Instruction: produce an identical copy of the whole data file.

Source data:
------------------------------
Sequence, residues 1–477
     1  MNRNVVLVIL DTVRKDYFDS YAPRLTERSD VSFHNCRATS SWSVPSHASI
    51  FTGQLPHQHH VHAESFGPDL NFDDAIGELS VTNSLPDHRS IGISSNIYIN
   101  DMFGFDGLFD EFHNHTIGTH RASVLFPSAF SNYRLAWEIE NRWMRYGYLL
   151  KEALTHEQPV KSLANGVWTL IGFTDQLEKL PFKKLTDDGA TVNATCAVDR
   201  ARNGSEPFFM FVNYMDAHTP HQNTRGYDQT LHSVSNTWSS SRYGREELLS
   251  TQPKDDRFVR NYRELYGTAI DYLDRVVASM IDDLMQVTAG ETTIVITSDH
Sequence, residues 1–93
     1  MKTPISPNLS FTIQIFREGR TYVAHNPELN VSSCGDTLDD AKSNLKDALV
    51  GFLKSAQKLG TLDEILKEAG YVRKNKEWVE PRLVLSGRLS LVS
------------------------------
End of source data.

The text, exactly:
Sequence, residues 1–477
     1  MNRNVVLVIL DTVRKDYFDS YAPRLTERSD VSFHNCRATS SWSVPSHASI
    51  FTGQLPHQHH VHAESFGPDL NFDDAIGELS VTNSLPDHRS IGISSNIYIN
   101  DMFGFDGLFD EFHNHTIGTH RASVLFPSAF SNYRLAWEIE NRWMRYGYLL
   151  KEALTHEQPV KSLANGVWTL IGFTDQLEKL PFKKLTDDGA TVNATCAVDR
   201  ARNGSEPFFM FVNYMDAHTP HQNTRGYDQT LHSVSNTWSS SRYGREELLS
   251  TQPKDDRFVR NYRELYGTAI DYLDRVVASM IDDLMQVTAG ETTIVITSDH
Sequence, residues 1–93
     1  MKTPISPNLS FTIQIFREGR TYVAHNPELN VSSCGDTLDD AKSNLKDALV
    51  GFLKSAQKLG TLDEILKEAG YVRKNKEWVE PRLVLSGRLS LVS